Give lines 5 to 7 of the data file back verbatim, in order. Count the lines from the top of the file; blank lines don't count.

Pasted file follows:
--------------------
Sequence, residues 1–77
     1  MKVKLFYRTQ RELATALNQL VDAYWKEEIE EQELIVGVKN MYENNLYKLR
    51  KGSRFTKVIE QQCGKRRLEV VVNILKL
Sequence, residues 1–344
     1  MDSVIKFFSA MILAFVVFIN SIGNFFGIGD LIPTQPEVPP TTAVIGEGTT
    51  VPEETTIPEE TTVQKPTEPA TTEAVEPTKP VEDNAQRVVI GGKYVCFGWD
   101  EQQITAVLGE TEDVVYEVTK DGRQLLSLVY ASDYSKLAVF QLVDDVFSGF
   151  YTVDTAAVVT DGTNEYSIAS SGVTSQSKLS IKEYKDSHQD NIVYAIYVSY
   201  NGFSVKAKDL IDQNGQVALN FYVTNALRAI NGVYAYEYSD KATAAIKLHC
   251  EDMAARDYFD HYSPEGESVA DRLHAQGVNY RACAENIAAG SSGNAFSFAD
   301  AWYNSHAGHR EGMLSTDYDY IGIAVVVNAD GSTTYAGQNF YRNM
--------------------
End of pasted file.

     1  MDSVIKFFSA MILAFVVFIN SIGNFFGIGD LIPTQPEVPP TTAVIGEGTT
    51  VPEETTIPEE TTVQKPTEPA TTEAVEPTKP VEDNAQRVVI GGKYVCFGWD
   101  EQQITAVLGE TEDVVYEVTK DGRQLLSLVY ASDYSKLAVF QLVDDVFSGF